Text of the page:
Retail sales in the eurozone fell more sharply than expected in June, a fresh sign that the currency area’s economic recovery remains too weak to quickly bring down very high rates of unemployment, or raise inflation to the European Central Bank’s target.
The European Union’s statistics agency said Wednesday retail sales in the 19 countries that use the euro fell 0.6% in June from May, but were up 1.2% from the same month last year. It was the largest month-to-month fall since September 2014. Economists surveyed by The Wall Street Journal had estimated sales fell 0.2%, having seen figures from Germany that recorded a large drop.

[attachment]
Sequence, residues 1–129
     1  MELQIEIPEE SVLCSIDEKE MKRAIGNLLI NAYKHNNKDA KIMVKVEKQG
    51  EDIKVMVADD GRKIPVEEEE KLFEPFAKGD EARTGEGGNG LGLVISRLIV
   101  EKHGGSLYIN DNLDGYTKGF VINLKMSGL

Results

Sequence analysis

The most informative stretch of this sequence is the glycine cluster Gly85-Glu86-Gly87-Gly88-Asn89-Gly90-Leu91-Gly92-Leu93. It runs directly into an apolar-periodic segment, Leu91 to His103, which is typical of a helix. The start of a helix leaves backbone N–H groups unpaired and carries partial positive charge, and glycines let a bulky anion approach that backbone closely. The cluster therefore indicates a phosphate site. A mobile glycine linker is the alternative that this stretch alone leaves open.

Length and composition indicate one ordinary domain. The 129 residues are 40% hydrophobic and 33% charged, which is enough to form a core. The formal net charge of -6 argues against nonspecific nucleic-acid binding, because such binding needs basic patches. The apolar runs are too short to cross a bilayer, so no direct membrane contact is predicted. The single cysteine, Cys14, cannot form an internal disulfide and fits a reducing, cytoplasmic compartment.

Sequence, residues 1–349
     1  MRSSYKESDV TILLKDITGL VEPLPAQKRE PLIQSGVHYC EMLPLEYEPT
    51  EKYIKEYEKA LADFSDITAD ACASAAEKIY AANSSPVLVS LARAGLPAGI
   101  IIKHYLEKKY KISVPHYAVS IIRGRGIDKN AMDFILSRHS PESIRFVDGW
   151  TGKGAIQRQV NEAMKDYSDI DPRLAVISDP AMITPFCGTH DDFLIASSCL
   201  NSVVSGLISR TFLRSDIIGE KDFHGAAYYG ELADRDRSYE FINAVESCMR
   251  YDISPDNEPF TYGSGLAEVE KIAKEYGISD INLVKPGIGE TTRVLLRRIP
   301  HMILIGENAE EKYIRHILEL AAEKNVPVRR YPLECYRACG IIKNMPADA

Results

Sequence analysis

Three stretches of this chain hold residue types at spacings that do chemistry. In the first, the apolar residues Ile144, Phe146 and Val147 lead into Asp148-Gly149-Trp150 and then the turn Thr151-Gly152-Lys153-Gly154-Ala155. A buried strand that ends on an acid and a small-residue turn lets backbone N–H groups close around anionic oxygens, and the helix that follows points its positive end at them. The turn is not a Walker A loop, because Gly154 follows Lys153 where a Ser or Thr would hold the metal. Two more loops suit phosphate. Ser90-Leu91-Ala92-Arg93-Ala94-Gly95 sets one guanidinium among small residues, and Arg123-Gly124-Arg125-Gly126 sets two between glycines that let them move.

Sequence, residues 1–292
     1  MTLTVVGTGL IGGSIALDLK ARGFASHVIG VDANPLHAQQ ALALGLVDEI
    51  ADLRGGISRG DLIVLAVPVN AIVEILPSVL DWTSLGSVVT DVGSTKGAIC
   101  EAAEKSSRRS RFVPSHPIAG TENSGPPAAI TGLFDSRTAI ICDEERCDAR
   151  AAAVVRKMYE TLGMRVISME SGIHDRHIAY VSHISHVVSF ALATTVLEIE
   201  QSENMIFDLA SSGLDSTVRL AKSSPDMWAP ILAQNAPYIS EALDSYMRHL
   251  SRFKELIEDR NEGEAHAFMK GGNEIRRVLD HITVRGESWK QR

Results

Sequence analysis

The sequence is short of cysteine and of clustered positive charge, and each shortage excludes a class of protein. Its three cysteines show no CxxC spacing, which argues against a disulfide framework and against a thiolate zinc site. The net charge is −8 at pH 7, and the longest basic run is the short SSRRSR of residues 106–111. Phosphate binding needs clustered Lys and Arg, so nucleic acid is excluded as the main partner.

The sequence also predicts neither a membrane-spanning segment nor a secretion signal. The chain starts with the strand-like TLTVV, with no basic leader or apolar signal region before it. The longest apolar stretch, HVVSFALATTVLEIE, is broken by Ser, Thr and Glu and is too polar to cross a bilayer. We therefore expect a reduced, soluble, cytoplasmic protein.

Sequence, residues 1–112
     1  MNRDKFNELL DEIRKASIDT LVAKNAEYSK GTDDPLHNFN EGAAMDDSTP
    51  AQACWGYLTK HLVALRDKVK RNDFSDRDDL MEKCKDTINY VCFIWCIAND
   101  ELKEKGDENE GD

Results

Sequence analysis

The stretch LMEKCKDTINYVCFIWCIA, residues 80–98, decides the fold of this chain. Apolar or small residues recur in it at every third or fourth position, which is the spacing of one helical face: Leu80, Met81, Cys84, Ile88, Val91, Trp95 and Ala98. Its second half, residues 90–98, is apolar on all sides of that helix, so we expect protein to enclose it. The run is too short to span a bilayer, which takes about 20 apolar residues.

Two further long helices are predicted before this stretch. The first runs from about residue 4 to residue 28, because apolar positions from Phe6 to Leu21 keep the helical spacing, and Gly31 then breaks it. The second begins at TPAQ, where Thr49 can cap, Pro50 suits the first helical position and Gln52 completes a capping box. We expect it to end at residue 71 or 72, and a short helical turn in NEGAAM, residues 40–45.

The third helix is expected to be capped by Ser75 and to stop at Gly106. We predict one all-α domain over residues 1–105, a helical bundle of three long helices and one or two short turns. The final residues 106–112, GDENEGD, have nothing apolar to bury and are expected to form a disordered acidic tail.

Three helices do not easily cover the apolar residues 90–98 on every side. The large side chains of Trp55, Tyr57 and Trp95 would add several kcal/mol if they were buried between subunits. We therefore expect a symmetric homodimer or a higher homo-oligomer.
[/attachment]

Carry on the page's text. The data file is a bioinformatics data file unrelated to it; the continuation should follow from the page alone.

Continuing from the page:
Eurostat said sales in Germany were down 2.3% from May. That’s a blow to hopes that low unemployment and rising wages in its largest member would boost the recovery in the eurozone as whole, as Germans purchased more goods and services from weaker parts of the currency area.
But the weakness in retail sales wasn’t confined to Germany, and is also a setback to the ECB’s goal of raising the annual rate of inflation to its target of just under 2%.
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